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HOLIDAY SHOPPING 2002

Banking on the Promotions

Retailers try just about everything to get customers into the stores this season

November 28, 2002|Leslie Earnest | Times Staff Writer

Using sex, cheap champagne and bargain-priced bracelets as bait, retailers around California and across the country are hoping to lure consumers out of the shopping doldrums and into stores this holiday season.

A year ago, retail industry experts were calling the 2001 holiday season the most promotional ever. But many now say this year could be even more intense as consumers remain reticent about spending, the prospect of war with Iraq looms and a calendar shift has trimmed almost a week from the number of shopping days between Thanksgiving and Christmas.

Predicting sales is tricky because consumers can react emotionally to economic news, good or bad, and to world events. After the terrorist attacks stunned the nation last year, analysts were downbeat about the holidays, but shoppers picked up the pace. November and December sales rose a combined 5.6% compared with sales in 2000.

This year, the National Retail Federation predicts that sales will rise 4% during the holiday shopping season, which officially launches Friday. That would be the smallest increase in five years.

Snagging consumers early has become increasingly important because people now shop in only half as many stores during the holiday season as they did five years ago. But once consumers visit a store, they usually return before Christmas, said Britt Beemer, a consumer behavior expert.

Scrambling to get ahead of the pack, retailers are trying a gamut of promotions to lure shoppers.

San Francisco-based Gap Inc., the nation's largest specialty retailer, mailed out "mystery holiday cards" for the first time this year, promising discounts worth "up to $100," while withholding the exact amount until the shopper gets in the store. The least valuable cards will take $5 off a purchase, Gap says.

Wet Seal Inc., an Orange County company that sells trendy clothes to girls and young women, is promising free two-way pagers to customers who spend at least $35 in its stores over the Thanksgiving weekend.

Pushing the envelope a little further will be Abercrombie & Fitch. The youth-apparel merchant is reportedly planning to trot out male models stripped down to their underwear to greet customers when they enter some A&F stores.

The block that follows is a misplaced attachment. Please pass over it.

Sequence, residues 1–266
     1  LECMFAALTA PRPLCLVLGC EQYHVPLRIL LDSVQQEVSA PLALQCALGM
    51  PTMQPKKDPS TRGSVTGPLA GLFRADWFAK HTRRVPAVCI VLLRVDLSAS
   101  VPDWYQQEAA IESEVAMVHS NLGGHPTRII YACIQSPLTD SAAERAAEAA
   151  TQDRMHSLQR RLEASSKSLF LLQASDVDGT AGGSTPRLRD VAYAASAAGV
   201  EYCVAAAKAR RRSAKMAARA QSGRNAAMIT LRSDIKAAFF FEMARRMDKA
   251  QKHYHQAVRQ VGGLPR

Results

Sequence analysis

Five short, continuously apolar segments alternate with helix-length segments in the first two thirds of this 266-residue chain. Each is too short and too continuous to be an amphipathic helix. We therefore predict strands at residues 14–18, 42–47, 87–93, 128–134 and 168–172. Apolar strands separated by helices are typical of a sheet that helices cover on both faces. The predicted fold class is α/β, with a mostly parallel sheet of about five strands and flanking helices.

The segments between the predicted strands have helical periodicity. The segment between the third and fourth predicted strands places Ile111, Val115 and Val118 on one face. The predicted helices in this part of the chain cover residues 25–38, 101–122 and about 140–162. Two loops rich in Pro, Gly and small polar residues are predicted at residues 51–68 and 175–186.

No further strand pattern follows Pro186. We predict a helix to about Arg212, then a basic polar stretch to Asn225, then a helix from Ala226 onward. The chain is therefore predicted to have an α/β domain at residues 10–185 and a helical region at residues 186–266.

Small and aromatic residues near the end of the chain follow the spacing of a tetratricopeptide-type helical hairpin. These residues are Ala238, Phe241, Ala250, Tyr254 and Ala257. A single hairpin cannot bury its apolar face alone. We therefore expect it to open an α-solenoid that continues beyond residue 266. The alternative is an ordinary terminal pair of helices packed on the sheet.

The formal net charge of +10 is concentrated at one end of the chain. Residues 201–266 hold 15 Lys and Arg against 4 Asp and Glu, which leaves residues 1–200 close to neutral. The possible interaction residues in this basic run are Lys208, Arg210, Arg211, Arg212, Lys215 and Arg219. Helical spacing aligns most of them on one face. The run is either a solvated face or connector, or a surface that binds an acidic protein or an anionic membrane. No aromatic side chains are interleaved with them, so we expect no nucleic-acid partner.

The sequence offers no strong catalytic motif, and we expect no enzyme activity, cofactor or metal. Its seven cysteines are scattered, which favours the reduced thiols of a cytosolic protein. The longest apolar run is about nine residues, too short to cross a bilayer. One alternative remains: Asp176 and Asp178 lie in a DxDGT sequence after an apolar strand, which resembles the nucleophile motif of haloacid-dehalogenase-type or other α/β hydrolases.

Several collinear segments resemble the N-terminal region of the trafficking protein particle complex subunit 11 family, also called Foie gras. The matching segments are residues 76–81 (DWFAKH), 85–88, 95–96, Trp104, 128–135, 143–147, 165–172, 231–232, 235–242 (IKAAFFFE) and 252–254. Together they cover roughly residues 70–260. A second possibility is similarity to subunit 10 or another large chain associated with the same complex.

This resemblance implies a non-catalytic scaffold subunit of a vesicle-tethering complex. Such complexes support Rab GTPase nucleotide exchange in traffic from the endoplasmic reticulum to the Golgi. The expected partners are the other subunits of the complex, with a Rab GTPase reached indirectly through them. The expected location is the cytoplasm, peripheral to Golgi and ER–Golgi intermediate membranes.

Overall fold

Lingerie retailer Victoria's Secret used the opposite sex to tempt buyers, with a prime-time display of scantily clad women during a televised fashion show last week. And Frederick's of Hollywood has rolled out catalogs featuring Santa teddies and red velvet bras with jingle bells on the cups.

Meanwhile, Hayward, Calif.-based discount retailer Mervyn's, a division of Target Corp., is hoping to plant itself in shoppers' psyches with an ad campaign that begins today featuring photographer William Wegman's Weimaraners -- the chocolate-colored, floppy-earned hounds -- dressed in Mervyn's clothes.

"What we hope to do is cement in their minds that Mervyn's is a fun place to shop," said Steve Moylan, group manager of marketing, planning and operations.

In a tactic that seems to be working, Stein Mart Inc., a Florida-based gift chain that is beefing up its presence in Southern California, is selling diamond bracelets for $19.99. The diamonds are so tiny that the company has to call them "diamond accents," said Gwen Manto, chief merchandising officer for the discount retailer. Stein Mart can't make a profit, she noted, unless shoppers who buy the bracelets also buy something else.

"You hate to call it a loss leader, but we sell it below our typical profit margin," Manto said. "If we can get them in our stores and we have the right things, then we'll win."

At the Stein Mart in Huntington Beach, customers snapped up the bracelets so quickly that manager Jacqui Spates-Teston had to hold back a handful -- and borrow 40 from another store -- so she'd have some left to sell on Friday.

"I was lucky to get what I could off the floor," Spates-Teston said. "I've never seen such a hot item."

Besides trinkets and other promotions, experts say, good prices also will be needed to attract shoppers.

"Retailers are going to find out this year, probably more than any other year, you've got to give the customer exceptional values," said Beemer, chairman of market analysis firm America's Research Group. "Consumers have not been in the spirit to want to spend a lot of money."

Although discounts can hurt retailers' profits -- and did in the third quarter -- the effect has been buffered somewhat because wholesale prices on many items have been declining, said Michael Niemira, a senior economist with Bank of Tokyo-Mitsubishi.

Apparel prices dropped 1% to 2% this year compared with last year, and prices on other items, such as radios and televisions, have declined much more, he pointed out.

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